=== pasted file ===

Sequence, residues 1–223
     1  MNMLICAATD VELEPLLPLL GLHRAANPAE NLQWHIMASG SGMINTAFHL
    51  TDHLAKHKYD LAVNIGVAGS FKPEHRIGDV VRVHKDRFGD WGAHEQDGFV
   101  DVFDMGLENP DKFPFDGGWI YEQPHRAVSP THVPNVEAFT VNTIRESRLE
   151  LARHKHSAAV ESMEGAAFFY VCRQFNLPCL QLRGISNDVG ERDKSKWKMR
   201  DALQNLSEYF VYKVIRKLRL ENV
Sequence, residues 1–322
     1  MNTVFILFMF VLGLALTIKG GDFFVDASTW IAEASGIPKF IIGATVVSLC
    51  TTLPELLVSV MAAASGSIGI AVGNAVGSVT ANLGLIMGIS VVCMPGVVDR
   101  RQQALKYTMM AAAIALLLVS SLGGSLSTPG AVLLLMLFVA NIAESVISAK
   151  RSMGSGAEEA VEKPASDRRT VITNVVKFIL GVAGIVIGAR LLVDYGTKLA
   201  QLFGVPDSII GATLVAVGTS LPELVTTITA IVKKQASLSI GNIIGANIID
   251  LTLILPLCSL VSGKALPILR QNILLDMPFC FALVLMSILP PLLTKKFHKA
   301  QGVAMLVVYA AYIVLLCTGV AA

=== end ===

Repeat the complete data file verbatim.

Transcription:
Sequence, residues 1–223
     1  MNMLICAATD VELEPLLPLL GLHRAANPAE NLQWHIMASG SGMINTAFHL
    51  TDHLAKHKYD LAVNIGVAGS FKPEHRIGDV VRVHKDRFGD WGAHEQDGFV
   101  DVFDMGLENP DKFPFDGGWI YEQPHRAVSP THVPNVEAFT VNTIRESRLE
   151  LARHKHSAAV ESMEGAAFFY VCRQFNLPCL QLRGISNDVG ERDKSKWKMR
   201  DALQNLSEYF VYKVIRKLRL ENV
Sequence, residues 1–322
     1  MNTVFILFMF VLGLALTIKG GDFFVDASTW IAEASGIPKF IIGATVVSLC
    51  TTLPELLVSV MAAASGSIGI AVGNAVGSVT ANLGLIMGIS VVCMPGVVDR
   101  RQQALKYTMM AAAIALLLVS SLGGSLSTPG AVLLLMLFVA NIAESVISAK
   151  RSMGSGAEEA VEKPASDRRT VITNVVKFIL GVAGIVIGAR LLVDYGTKLA
   201  QLFGVPDSII GATLVAVGTS LPELVTTITA IVKKQASLSI GNIIGANIID
   251  LTLILPLCSL VSGKALPILR QNILLDMPFC FALVLMSILP PLLTKKFHKA
   301  QGVAMLVVYA AYIVLLCTGV AA